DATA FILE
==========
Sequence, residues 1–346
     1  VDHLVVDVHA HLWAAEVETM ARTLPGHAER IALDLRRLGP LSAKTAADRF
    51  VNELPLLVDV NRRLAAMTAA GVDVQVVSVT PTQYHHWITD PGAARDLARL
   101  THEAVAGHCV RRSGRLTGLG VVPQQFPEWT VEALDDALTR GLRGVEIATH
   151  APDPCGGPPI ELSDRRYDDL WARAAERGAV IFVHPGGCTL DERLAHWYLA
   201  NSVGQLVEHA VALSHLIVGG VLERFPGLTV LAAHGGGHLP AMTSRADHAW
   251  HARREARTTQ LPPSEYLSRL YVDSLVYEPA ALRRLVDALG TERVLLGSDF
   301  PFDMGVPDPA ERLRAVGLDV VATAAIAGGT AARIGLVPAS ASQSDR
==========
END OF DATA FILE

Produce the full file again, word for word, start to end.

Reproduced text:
Sequence, residues 1–346
     1  VDHLVVDVHA HLWAAEVETM ARTLPGHAER IALDLRRLGP LSAKTAADRF
    51  VNELPLLVDV NRRLAAMTAA GVDVQVVSVT PTQYHHWITD PGAARDLARL
   101  THEAVAGHCV RRSGRLTGLG VVPQQFPEWT VEALDDALTR GLRGVEIATH
   151  APDPCGGPPI ELSDRRYDDL WARAAERGAV IFVHPGGCTL DERLAHWYLA
   201  NSVGQLVEHA VALSHLIVGG VLERFPGLTV LAAHGGGHLP AMTSRADHAW
   251  HARREARTTQ LPPSEYLSRL YVDSLVYEPA ALRRLVDALG TERVLLGSDF
   301  PFDMGVPDPA ERLRAVGLDV VATAAIAGGT AARIGLVPAS ASQSDR